Unintended consequences of California rent control

Chuck DeVore writes for Forbes about the likely impact of California’s latest rent-control regime.

The main reason why California’s poverty rate has remained stubbornly high—proportionately 13% higher than Mississippi’s 16.1% and 26% higher than arch-rival Texas’ 14.4%—is that California’s housing costs have remained among the highest in the nation.

The U.S. Bureau of Economic Analysis estimated that California’s rent index (a broad measure of real estate costs that includes owner-occupied housing) was 153.7 of the U.S. average of 100 in 2009, dipping to a low of 147.3 in 2015 and then rising to 150.6 in 2017 as California’s recovery from the Great Recession caused housing demand to outstrip supply.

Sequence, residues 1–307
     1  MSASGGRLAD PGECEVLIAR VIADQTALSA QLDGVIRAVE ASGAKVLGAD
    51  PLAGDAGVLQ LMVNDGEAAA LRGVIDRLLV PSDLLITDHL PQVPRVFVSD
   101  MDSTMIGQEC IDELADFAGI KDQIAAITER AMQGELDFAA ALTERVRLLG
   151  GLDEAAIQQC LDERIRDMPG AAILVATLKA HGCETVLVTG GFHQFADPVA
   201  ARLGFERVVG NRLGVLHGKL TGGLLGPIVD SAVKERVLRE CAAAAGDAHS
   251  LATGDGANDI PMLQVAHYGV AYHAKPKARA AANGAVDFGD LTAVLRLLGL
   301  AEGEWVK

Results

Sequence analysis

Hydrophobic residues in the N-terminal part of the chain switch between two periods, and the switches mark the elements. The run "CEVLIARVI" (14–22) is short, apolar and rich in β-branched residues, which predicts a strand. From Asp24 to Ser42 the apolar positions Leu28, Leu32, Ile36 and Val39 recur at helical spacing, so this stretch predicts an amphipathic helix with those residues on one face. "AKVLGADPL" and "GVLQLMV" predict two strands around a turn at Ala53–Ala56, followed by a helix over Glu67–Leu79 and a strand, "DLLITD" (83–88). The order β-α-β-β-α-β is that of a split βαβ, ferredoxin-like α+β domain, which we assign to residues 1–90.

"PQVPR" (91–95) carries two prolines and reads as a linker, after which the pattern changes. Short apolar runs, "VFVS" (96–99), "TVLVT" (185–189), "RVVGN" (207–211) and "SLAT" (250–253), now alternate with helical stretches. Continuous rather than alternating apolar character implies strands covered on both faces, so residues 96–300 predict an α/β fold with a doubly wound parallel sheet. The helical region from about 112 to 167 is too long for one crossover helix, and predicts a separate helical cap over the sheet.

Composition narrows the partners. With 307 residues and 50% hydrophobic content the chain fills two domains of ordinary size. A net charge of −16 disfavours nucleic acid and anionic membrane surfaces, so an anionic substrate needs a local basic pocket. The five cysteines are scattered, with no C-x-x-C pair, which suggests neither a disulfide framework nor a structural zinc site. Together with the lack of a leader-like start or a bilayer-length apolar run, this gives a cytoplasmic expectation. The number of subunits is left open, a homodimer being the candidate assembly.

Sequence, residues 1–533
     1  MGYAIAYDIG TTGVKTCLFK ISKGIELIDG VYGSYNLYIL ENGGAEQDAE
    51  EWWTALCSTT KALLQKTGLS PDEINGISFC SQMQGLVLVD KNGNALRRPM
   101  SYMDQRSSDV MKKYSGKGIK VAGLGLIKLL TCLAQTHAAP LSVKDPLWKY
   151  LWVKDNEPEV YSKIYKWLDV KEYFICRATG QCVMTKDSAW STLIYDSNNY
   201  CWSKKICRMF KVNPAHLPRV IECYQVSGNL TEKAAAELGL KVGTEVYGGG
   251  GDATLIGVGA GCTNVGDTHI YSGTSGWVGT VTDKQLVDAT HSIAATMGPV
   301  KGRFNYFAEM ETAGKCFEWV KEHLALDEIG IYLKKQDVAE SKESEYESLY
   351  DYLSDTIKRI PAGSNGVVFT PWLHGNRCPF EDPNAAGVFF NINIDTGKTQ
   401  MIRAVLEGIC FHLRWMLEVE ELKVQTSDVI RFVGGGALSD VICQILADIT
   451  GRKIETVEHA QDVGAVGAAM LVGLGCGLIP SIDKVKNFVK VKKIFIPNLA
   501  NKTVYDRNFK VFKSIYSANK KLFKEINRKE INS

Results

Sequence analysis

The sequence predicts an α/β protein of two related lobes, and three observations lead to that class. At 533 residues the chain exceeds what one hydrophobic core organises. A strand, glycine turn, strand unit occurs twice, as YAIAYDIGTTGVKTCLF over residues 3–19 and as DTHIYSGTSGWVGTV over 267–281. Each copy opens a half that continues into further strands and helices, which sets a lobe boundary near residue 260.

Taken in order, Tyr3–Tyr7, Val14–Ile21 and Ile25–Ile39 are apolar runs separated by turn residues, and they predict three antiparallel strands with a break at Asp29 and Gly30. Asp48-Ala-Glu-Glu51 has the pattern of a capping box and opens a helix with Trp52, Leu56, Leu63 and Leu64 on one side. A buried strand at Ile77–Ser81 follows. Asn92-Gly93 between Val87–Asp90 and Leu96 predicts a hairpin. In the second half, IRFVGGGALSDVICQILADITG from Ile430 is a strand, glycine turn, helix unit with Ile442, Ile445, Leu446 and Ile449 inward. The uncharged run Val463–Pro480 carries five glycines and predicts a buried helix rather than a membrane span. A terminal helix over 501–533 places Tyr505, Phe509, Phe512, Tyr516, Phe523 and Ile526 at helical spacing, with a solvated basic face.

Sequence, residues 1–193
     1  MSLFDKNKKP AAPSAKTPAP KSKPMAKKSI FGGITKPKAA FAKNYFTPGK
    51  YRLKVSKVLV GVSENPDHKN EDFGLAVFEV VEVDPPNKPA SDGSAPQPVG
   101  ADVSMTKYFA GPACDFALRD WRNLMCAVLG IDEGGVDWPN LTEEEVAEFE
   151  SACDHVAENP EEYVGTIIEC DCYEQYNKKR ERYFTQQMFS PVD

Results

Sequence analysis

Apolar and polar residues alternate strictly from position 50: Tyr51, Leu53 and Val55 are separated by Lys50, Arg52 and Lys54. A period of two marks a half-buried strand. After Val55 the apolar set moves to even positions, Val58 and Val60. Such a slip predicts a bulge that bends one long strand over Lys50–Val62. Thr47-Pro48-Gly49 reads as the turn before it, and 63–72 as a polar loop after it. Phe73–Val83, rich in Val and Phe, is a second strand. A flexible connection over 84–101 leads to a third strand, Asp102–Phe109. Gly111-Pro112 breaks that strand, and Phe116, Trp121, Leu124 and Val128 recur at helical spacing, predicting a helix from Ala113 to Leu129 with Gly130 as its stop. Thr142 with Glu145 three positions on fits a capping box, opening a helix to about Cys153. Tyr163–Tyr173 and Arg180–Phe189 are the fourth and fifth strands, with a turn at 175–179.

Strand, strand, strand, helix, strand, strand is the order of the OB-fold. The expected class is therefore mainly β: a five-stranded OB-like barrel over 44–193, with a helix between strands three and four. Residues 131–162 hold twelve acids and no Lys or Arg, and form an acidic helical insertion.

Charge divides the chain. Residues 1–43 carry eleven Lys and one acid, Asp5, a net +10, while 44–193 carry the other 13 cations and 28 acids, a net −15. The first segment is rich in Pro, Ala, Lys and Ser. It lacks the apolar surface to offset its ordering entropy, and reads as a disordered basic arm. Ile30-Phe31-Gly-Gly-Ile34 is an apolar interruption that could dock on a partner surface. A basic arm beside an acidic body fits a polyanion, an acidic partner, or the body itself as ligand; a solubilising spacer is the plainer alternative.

California’s new housing stock has been severely restricted by the state’s myriad of web of development fees, restrictive zoning rules, environmental laws—including greenhouse gas restrictions—and lawsuits. Now it’s about to get much worse, with statewide rent control further discouraging new investment in the state.

Just as Census was reporting California’s worst in the nation poverty rate, the California Legislature was sending Gov. Gavin Newsom Assembly Bill 1482, a measure which imposes a 5% above the rate of inflation annual cap on rent increases or 10%, whichever is lower, for rental properties 15 years or older—in other words, most of California’s homes and apartments. The California Association of Realtors said that the bill will, “…impose onerous standards upon small property owners and, in turn, exacerbate the state’s housing crisis.”

Mitch Kokai / Senior Political Analyst

Mitch Kokai is senior political analyst for the John Locke Foundation. He joined JLF in December 2005 as director of communications. That followed more than four years as chie...

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